Be forewarned: This is the stuff of dreams.
The story begins in early 1970. when one of Ben Hall's Seattle neighbors, Jim Larsen, learned of an F-86 languishing in a surplus dealer's storage yard near Fresno, California. The dealer was asking $700 for the Sabre's remains, and a restoration project would likely require lots of work (and money). Jim knew that ben Hall had owned T-6 and P-51 aircraft, and he asked him to join in on acquiring and restoring the Sabre. Ben joined Jim and flew to Fresno, where they determined that rebuilding the Sabre, F-86A-5 #48-178, was probably worth a try. It would be four long years and about 10,000 man-hours later before they knew for certain if they had been correct.
As purchased in 1970, F-86A #178, had many shortcomings. Most notably, it lacked an engine, had no wing leading edges, and the cockpit was a mess. Fortunately, another F-86 was located in a junkyard and bought for $500. It provided most of the missing parts needed to make '178 flyable, including much of the cockpit but no usable leading edges.
Several J47 engines were located and purchased for prices ranging from $50 to $1500. (Can you believe those prices?) Surprisingly, one of the $50 engines was ultimately the best performer and became the engine of choice. Additional major restoration sub-projects involved hydraulics, a complete electrical re-wiring job, and locating and installing a new fuel control.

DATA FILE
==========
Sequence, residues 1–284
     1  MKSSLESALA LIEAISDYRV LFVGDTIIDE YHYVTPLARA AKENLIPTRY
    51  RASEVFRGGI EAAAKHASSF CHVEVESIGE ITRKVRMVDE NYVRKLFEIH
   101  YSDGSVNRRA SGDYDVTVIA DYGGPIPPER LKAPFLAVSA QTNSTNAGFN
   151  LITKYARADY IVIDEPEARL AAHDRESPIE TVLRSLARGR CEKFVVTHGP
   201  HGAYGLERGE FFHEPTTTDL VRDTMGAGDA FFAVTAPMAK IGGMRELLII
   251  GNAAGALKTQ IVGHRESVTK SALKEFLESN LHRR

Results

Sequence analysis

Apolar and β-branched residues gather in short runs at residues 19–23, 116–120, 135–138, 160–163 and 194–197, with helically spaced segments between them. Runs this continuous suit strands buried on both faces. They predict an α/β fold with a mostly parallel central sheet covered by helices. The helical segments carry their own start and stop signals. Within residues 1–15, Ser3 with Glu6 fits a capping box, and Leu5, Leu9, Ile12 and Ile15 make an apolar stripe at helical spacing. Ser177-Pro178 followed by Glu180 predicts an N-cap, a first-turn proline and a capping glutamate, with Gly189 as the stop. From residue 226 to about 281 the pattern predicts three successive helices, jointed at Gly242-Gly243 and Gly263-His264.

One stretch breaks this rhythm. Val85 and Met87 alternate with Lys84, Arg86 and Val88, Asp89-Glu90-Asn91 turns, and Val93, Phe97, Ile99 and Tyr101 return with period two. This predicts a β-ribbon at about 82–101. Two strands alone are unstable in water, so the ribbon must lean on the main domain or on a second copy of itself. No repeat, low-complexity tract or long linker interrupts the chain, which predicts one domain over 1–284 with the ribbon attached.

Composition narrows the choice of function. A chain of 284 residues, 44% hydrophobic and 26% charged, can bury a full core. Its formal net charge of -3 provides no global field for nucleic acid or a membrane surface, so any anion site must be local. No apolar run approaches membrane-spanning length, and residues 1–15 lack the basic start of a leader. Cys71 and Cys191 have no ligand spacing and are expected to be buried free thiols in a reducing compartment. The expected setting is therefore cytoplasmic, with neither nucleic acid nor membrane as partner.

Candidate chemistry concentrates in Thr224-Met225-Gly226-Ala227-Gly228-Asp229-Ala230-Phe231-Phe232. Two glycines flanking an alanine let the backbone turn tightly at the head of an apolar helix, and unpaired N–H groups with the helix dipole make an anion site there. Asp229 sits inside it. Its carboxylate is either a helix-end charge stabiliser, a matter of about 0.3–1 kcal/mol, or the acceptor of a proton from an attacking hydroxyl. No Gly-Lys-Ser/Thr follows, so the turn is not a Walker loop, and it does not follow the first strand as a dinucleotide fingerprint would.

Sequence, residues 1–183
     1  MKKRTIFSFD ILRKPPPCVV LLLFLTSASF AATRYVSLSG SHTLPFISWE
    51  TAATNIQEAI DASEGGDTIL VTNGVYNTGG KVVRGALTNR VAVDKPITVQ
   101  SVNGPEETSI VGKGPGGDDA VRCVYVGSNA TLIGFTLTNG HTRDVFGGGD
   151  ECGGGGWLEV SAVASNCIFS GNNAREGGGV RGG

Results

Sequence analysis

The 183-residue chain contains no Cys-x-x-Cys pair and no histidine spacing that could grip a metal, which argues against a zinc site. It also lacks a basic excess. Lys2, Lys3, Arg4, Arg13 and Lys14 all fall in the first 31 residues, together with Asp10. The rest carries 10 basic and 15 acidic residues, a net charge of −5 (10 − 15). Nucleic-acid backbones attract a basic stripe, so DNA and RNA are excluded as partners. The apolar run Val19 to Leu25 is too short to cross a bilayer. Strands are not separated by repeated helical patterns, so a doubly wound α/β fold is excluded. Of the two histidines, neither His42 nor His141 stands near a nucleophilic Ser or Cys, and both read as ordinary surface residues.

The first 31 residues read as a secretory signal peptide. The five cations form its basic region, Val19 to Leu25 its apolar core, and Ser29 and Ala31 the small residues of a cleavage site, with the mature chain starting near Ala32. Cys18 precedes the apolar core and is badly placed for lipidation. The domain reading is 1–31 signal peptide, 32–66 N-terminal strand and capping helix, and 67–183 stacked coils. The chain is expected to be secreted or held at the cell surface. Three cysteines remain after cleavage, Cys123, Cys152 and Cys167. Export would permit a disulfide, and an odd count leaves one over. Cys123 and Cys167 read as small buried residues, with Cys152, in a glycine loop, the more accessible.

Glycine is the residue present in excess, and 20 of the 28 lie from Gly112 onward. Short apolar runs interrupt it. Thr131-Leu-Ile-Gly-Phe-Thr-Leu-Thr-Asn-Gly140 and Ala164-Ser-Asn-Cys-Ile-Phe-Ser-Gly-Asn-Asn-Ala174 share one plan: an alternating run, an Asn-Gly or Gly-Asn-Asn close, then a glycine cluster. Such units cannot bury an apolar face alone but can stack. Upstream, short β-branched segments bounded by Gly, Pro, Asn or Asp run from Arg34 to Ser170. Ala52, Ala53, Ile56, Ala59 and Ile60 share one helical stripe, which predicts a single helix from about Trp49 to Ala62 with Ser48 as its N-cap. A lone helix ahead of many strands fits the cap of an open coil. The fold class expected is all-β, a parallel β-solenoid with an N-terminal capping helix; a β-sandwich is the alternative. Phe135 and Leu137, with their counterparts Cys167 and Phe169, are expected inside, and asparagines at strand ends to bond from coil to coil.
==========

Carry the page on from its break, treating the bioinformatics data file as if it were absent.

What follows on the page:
Eventually, F-86 wings with leading edges were found at another surplus dealer. Removal of the leading edges and installation on `178 was a giant undertaking. In the process, it was discovered that the slats were incompatible with the configuration of '178s wing. The restoration team (Ben Hall and four dedicated associates) decided that the leading edges should be installed with the slats permanently secured in the "Closed" position. They fashioned a procedure to do this, and for good measure, a mid-wing airflow `fence' was added. This resulted in an F-86A with a wing that resembled the F-86F '6-3 hard wing'.
Along the way, there were many, many other problems to he solved. The team benefited at times from outside help such as famed North American Chief Test Pilot Bob Hoover, who helped locate North American engineers and documents to answer questions.
Finally, on 24 February 1974, the old Sabre was once again ready to fly. An experienced and current Sabre pilot, Paul Bennett, would take `178 into the air for its second `first flight'. He was a Boeing test pilot then flying a Sabre Mk. 5 chase plane for the company. Sabre #48-178 flew with virtually no write-ups that day. Subsequent flights proved that the project was a resounding success. According to ben, the secured slats had little effect on the Sabre's performance. Arguably, this F-86 was the first American-made and flyable jet fighter in civilian hands. Ben Hall first flew the Sabre on 3 May 1974, and several months later. Bob Hoover flew it at an air show in Western Canada.
Although he sold the Sabre in 1988. F-86 Sabre Pilots Association member Ben Hall's love affair with this F-86A continues to this day. From his present home in Salt Lake City, he provided SabreJet Classics with the photos and material needed to tell this brief account of the restoration of 48-178. Most helpful was an article telling the full story, published in Air Classics Quarterly Review, Fall 1976, and written by Jim Larsen, who had discovered `178 in 1970.
Today, F-86A #48-178 still flies - at air shows in the United Kingdom, and remains the only airworthy F-86A Sabre in the world.
No portion of this article may be used or reprinted without permission from the President of the F-86 Sabre Pilots Association or the editor of Sabre Jet Classics magazine.
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